Editorial: Eskom is near rock bottom

Eskom as an institution and its ability to provide stable power supply is the single biggest risk to Cyril Ramaphosa’s investment drive and the South Africa fiscus. Picture: iStock/Gallo Images
Eskom as an institution and its ability to provide stable power supply is the single biggest risk to Cyril Ramaphosa’s investment drive and the South Africa fiscus. Picture: iStock/Gallo Images

Remember when Brian Molefe “solved” loadshedding? He didn’t. But neither will the long overdue Thuma Mina purge of the state-owned power monopoly’s deeply captured leadership.

The Guptas didn’t cause this one, although they certainly contributed to the financial hole Eskom finds itself in.

Eskom has been in crisis for so long that it is getting hard to sound serious when you say it is worse now than whatever has come before. And yet, here we are.

The continuing investigations into how Eskom was looted will do nothing to help the fact that the country’s power station fleet is, sometimes literally, falling apart.

This week, Eskom’s planned and unplanned outages, a euphemism for breakdowns, reached a record level. It is not an easy record to beat as South Africa has lived through at least three formal national electricity emergencies since 2008.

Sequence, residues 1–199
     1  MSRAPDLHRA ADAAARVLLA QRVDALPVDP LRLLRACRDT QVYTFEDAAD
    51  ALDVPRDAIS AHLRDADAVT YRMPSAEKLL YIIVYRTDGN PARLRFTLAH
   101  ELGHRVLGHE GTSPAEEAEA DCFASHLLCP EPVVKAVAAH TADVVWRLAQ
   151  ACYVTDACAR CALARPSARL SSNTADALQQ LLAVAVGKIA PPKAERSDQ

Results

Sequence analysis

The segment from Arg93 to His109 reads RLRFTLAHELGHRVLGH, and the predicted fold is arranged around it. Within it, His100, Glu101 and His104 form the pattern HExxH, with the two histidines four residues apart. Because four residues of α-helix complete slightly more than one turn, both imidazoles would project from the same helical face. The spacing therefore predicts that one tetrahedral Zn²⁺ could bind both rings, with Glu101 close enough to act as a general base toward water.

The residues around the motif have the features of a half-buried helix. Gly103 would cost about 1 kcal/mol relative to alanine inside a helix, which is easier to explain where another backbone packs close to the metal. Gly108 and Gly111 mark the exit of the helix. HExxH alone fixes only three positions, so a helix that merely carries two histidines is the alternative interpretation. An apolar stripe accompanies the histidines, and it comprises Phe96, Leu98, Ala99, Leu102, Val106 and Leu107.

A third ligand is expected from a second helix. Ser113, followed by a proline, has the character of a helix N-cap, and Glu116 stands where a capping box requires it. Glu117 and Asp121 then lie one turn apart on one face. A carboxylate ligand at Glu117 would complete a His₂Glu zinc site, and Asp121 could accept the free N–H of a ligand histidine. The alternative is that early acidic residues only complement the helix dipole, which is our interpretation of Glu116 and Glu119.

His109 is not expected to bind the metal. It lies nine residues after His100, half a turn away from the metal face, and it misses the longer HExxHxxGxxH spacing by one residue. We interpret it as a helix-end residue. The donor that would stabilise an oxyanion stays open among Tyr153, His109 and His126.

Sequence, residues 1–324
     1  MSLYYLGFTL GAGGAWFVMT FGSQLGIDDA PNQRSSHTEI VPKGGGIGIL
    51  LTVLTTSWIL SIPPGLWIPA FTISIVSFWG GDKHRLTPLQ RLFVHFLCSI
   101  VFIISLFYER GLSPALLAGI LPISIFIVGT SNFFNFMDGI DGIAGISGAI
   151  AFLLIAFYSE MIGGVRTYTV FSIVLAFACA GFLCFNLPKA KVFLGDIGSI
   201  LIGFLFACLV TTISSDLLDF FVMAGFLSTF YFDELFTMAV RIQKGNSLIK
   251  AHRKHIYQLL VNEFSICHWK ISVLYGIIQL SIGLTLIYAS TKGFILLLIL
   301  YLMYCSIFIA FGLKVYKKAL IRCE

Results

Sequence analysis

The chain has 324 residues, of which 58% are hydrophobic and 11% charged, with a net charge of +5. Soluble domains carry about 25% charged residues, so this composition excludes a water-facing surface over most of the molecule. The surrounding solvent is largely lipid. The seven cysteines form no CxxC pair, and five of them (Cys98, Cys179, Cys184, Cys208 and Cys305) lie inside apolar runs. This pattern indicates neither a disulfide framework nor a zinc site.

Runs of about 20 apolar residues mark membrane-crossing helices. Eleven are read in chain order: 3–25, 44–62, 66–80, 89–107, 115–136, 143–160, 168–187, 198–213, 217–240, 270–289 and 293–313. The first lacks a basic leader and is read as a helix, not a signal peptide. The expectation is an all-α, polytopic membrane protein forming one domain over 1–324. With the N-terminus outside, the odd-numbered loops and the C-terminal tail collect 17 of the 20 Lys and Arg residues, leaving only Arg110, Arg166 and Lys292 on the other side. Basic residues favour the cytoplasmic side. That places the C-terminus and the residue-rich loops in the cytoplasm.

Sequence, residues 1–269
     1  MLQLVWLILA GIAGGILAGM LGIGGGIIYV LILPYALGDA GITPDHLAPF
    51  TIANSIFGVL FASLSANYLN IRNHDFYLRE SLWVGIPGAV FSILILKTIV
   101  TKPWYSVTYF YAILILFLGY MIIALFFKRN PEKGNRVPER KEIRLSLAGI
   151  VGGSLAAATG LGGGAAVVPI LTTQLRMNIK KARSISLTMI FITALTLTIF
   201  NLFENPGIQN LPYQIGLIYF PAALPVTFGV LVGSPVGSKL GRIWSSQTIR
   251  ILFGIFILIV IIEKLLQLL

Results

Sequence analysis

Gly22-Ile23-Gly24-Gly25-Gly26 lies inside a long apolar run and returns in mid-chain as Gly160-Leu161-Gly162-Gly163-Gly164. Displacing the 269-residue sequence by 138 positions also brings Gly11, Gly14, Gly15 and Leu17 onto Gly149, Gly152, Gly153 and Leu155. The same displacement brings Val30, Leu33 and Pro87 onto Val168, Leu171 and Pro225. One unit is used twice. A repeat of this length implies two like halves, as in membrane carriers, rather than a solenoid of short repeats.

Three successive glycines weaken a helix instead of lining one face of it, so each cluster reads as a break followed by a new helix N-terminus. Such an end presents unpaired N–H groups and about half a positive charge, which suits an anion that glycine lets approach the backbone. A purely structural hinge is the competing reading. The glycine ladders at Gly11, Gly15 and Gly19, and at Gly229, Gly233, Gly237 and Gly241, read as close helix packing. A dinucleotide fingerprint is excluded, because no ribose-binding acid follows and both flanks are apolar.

South Africa has more broken power stations than almost all other African countries have any kind of power station.

In addition, we are starting to learn that the two largest infrastructure projects in South African history – the gigantic “supercritical” Medupi and Kusile power stations – have been badly designed, badly built and are now badly generating power.

The two stations will have cost a combined R300 billion when they, one day, get completed. Despite this, they are seemingly falling victim to elementary design problems.

Public Enterprises Minister Pravin Gordhan likes to talk about state capture, but admitted this week that, at Eskom, “we can’t blame everything on the recent past”.

The Eskom crisis started in the happy days of 1998, when Thabo Mbeki’s government couldn’t decide what to do with Eskom in the first place.

Sell it? Break it up? Make it compete with new private power companies?

These were the intentions and they didn’t materialise. Eskom was “corporatised” and, instead of building power stations when there was time and even money to do so, Eskom paid government dividends while government ignored Eskom’s own warnings that, by about 2008, the power would run out. This turned out to be true and we rushed headlong into badly building Medupi and Kusile.

Now, here we are.

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